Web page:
Lack of social skills and sensitivity training aside, there is not a police scene in the whole movie where the cops in the McAllister neighborhood aren't dropping the ball. Even at the end, when they catch the bad guys, they fail to question, or even locate, any of the neighbors or witnesses. This really isn't surprising, considering how they reacted to the request depicted above.

Definitely some holes in that procedure, Sarge.

But before we go blaming the police department for all of these shenanigans, let's not forget the real culprit:






#2. The magical bond between mother and what's-his-face.


Aside from the fact that she lost track of her son, during the holidays, twice, after taunting and provoking him into wish for that very fate, Kate McAllister isn't really a bad mom. She is (supposedly) very conscious about wasting milk, provides for all her children in a beautiful home, attends their school concerts, and frequently takes (most of) them on extravagant vacations. In fact, she cares so deeply for her children that she can sense their thoughts and feelings in an almost supernatural way.


So... you have this incredible mother-son bond... and yet, you didn't notice until somewhere over the Atlantic that you left your son at home? And the second time around, you didn't insist to the flight attendant that you supervise everyone getting onto the plane, because you learned your lesson about terrible parenting last year? I'm calling shenanigans, Kate. I think the only incredible bond you have with your son lies within the fact that you still have custody after all of this.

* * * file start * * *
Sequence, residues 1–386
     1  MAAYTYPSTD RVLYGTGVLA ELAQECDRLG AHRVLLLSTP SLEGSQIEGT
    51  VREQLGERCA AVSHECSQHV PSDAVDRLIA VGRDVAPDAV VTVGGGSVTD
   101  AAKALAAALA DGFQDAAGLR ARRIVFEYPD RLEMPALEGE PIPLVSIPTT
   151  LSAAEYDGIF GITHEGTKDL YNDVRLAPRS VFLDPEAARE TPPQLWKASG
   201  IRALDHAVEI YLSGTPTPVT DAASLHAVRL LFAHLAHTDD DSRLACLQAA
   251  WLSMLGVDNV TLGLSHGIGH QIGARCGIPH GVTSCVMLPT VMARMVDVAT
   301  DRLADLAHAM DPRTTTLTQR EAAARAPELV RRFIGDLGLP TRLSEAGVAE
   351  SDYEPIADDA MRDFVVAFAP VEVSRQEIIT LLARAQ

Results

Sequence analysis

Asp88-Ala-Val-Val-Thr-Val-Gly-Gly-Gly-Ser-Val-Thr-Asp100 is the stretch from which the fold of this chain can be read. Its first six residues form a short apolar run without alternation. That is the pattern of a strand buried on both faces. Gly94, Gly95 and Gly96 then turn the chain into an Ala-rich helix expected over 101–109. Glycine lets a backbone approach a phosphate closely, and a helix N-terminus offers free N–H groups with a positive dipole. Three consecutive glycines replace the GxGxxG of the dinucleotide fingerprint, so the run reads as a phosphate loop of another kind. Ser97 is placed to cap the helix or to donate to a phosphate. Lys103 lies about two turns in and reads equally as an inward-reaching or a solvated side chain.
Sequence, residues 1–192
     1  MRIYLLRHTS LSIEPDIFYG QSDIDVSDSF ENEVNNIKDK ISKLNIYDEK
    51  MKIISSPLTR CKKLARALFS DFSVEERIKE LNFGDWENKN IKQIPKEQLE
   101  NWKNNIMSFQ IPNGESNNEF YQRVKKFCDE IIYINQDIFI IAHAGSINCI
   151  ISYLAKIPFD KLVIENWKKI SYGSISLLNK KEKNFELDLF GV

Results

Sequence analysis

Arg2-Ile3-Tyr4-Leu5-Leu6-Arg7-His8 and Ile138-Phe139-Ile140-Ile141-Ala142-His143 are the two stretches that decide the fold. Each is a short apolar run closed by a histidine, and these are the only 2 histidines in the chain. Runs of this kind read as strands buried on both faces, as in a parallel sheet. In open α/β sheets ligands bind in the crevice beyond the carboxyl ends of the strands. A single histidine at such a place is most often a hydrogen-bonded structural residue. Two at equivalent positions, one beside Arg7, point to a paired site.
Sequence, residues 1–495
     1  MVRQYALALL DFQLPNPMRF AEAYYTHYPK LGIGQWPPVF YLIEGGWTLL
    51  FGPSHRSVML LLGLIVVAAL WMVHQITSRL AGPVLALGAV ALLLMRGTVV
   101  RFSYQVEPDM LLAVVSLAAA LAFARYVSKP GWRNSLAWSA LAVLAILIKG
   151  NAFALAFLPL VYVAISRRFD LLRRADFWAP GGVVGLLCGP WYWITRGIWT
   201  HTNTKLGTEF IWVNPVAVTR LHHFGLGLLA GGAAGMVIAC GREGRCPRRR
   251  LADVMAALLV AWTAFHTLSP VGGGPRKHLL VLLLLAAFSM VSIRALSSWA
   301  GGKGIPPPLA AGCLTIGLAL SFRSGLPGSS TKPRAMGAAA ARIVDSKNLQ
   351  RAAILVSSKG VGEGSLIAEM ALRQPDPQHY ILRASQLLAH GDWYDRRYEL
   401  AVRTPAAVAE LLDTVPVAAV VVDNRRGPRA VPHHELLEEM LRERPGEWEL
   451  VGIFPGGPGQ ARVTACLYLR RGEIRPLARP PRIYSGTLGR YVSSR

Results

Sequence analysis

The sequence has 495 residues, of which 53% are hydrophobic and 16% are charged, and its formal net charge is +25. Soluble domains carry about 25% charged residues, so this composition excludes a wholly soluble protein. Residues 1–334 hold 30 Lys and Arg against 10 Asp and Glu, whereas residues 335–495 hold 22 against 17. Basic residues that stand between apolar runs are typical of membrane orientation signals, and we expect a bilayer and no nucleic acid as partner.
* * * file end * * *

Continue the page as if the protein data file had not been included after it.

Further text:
Oh, and I know I keep coming back to the milk thing, but it's not just because she cried about it pre-vacation. Let's take a step back to the first movie, when everyone's reunited. Not even two minutes after the entire family is home again, what does she do?


The last thing on my mind after a reunion like this would be milk.... but not Kate McAllister. It's bizarre enough that part of me wonders if this was all intentional, just so she could have her son's face on her favorite dairy product.



Last, but certainly not least:



#1. So, about those plane tickets....

Aside from bungling burglars and wacky Christmas capers,  another big plot point in the first Home Alone movie revolves around Kate McAllister's inability to book a flight back to Chi-town to reunite with her son. Pretty solid plot, considering typical travel difficulties during the Christmas season. The lack of available flights eventually lands her in a 12-hour, Scranton to Chicago van ride with a gaggle of traveling polka hobos, which, in my humble opinion, isn't quite the level of karmic payback one deserves for stranding a child home alone. It's a good start, though. 


So riddle me this: If it took ol' Kate McAllister the whole freaking' movie to book a flight -- a flight which could only get her within 703 miles of her home, mind you -- Then how the fuck did they manage to book not one, but fourteen flights at the drop of a hat in the second movie? 


Now, don't get me wrong-- None of this is going to make me stop loving the crap out of Home Alone, shameful though this love may be. I just couldn't resist pointing out some of the inconsistencies and shortcomings. Call it a Christmas gift from me, to me. 

Anywhoser, I'm off to the whimsical land of Parents' House for the next week or so. Here's hoping your holidays are merry and/or bright! Thank you for reading, and I'll see you in the New Year! (Or maybe before, if I'm not sluggish with Christmas cookies, which I probably will be.)












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2 comments:

lily said...

You never EVER fail to make me laugh!

Happy Holidays and have a fantastic New Year!

Anonymous said...

I laughed so hard at this. You made some very solid points.